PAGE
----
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Peak Growth

Jul 29, 2021

Executive Summary

  • Real GDP increased by 6.5% (SAAR) in Q2, likely marking the peak in growth on a year-over-year basis.
  • Housing, inventory, and government spending dragged growth lower while consumption remained strong.
  • The real GDP per capita gap remains open and will struggle to close by 2023.
  • Any Fed tightening into a real GDP gap will negatively impact the economy.
  • A highly indebted economy results in lower real interest rates.

Peak Growth

Real GDP increased 6.5% in Q2 on a seasonally adjusted annualized basis. The increase in growth was far less than expected and only fractionally higher than the 6.3% growth recorded in Q1.

Real consumption growth ticked higher in Q2, from 11.4% to 11.8%, but government spending, residential fixed investment (housing), and private inventories were detractors.

The quarterly growth rate of the major components of GDP are outlined in the table below.

Residential fixed investment growth peaked in Q3 of 2020 and has declined to -9.8% on a quarterly basis. Weakness in a highly cyclical area of the economy like housing is a leading indicator of softer growth in the future.

Components of Real GDP:

Source: Charles Schwab, BEA

Quarter-to-quarter changes are too noisy. The growth rate in the following four charts is expressed via a smoothed six-month annualized formula. The result is an annualized growth rate that moves similarly to a year-over-year growth rate calculation but is less impacted by the year-ago base in the denominator.

Real GDP:

Source: BEA, EPB Macro Research

Real GDP increased at an 8.4% annualized pace on a smoothed six-month basis, the highest growth rate since the 1960s.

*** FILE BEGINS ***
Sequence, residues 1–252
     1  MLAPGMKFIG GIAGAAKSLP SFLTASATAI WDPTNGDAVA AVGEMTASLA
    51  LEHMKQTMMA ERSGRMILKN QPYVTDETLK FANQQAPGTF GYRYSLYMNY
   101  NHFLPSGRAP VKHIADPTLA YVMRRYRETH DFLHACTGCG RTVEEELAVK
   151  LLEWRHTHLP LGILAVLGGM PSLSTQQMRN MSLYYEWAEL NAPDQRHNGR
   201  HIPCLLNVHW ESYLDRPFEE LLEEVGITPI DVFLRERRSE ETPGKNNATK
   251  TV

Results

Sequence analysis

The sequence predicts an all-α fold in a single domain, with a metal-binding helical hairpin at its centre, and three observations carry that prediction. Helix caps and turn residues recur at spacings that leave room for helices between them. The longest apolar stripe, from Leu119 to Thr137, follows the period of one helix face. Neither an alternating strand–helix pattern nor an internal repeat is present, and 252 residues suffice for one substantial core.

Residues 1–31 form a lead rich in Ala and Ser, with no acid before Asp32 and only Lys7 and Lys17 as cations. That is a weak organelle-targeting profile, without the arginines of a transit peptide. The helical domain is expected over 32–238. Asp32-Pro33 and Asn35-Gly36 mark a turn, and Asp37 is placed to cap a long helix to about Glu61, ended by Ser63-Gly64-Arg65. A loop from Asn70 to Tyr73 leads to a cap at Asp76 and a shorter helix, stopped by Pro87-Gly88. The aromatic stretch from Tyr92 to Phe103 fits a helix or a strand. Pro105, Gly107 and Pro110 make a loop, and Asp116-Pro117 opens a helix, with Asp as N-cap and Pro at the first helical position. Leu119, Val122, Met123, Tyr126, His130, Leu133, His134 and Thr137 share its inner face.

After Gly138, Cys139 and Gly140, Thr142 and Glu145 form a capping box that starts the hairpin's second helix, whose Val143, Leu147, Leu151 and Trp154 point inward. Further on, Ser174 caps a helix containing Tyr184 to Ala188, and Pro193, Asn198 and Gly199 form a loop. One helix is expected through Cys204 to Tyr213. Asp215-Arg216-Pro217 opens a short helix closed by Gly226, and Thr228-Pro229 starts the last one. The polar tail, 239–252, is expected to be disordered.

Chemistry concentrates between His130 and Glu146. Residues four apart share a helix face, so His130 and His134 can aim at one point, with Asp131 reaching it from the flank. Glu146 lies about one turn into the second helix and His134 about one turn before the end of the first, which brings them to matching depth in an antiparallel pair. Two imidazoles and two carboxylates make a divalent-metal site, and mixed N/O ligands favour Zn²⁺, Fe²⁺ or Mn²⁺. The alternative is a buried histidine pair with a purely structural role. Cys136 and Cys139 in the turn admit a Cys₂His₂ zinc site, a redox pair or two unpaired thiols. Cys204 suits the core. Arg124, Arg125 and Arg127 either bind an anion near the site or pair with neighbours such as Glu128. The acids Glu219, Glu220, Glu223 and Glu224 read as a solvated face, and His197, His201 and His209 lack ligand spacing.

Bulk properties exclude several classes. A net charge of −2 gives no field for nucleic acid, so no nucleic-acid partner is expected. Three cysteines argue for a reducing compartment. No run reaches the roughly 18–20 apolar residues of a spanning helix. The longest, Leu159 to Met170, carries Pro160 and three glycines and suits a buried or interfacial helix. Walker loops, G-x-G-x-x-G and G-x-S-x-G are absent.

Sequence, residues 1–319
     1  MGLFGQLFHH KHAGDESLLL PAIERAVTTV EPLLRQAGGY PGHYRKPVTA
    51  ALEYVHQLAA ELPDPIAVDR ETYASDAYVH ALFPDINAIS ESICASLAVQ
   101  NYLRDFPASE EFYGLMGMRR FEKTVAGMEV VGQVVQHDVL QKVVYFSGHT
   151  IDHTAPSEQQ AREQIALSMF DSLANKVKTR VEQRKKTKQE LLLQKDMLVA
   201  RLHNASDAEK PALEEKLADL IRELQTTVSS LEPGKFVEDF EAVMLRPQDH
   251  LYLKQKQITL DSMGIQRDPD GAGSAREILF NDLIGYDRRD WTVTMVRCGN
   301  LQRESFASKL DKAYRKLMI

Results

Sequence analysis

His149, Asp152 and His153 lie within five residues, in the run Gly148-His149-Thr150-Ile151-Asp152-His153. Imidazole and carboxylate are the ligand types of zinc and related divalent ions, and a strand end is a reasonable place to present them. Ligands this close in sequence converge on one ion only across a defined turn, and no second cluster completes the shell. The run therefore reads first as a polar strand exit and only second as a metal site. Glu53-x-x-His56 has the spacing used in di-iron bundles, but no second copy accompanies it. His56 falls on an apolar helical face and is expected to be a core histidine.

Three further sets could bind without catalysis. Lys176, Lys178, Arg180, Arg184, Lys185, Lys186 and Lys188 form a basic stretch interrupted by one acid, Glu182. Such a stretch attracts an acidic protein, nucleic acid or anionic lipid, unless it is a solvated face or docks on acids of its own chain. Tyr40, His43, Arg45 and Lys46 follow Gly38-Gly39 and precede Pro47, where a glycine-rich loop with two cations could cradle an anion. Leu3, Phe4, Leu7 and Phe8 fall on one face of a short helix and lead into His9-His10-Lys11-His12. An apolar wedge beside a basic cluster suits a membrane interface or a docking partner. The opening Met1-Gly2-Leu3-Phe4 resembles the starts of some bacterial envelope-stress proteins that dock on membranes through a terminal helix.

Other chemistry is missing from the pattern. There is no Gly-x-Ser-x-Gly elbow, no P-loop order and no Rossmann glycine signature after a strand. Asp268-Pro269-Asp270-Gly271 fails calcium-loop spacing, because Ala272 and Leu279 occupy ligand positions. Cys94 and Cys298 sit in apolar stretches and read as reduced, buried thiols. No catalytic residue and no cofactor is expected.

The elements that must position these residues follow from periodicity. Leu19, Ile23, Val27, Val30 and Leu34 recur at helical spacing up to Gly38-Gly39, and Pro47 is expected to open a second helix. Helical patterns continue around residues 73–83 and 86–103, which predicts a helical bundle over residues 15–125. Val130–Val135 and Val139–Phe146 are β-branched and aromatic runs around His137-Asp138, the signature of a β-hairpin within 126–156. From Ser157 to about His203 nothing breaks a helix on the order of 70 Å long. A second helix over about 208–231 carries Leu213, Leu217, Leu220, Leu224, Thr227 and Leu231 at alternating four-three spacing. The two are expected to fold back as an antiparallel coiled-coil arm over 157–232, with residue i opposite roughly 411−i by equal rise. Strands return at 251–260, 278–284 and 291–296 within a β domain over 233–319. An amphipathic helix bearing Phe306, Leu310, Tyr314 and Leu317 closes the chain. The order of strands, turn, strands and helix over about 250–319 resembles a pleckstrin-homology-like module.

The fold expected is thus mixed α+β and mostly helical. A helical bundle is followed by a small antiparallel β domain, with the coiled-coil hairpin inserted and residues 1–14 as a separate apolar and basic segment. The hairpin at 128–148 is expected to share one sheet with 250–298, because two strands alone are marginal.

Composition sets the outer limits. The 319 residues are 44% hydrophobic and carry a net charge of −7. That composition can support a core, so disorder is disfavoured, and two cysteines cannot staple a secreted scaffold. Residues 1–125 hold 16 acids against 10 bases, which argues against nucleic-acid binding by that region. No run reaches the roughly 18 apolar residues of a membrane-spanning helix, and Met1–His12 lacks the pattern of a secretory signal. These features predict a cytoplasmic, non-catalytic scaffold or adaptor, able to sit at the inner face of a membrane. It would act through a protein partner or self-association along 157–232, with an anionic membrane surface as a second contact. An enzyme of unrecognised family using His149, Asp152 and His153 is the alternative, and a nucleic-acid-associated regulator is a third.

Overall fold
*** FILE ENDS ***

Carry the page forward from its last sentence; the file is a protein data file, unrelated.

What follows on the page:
Of course, the growth rate is rebounding from the deepest contraction in well over 70 years. The Zarnowitz rule in economics tells us that sharper recoveries follow deep recessions, but only in the first year. After the first year of recovery, the economy starts to revert back to "trend" economic growth.

Real GDP:

Source: BEA, EPB Macro Research

With one year since the trough in the economy, the "sling-shot" effect that naturally comes after a recession is over.

We can already see the deceleration appear in the more cyclical areas of the GDP report.

Two of the most cyclical areas of the GDP report including housing and durable goods consumption. These two components of GDP exploded over the last several quarters, but now, the growth rate is starting to decline.

The combination of real residential fixed investment and real durable goods consumption peaked in Q1 and cooled to a growth rate of 20.8% in Q2.

Of course, a 20% growth rate is extremely high by historical standards. Still, when economic growth is translated to asset markets, the momentum or direction of growth is the dominant factor.

Real Residential Fixed Investment + Durable Goods Growth Rate:

Source: BEA, EPB Macro Research

Residential fixed investment (housing) peaked in Q4 of 2020 with a growth rate of 22.5% and has since cooled to a growth rate of 10.1% on a smoothed six-month annualized basis.

Real Residential Fixed Investment Growth Rate:

Source: BEA, EPB Macro Research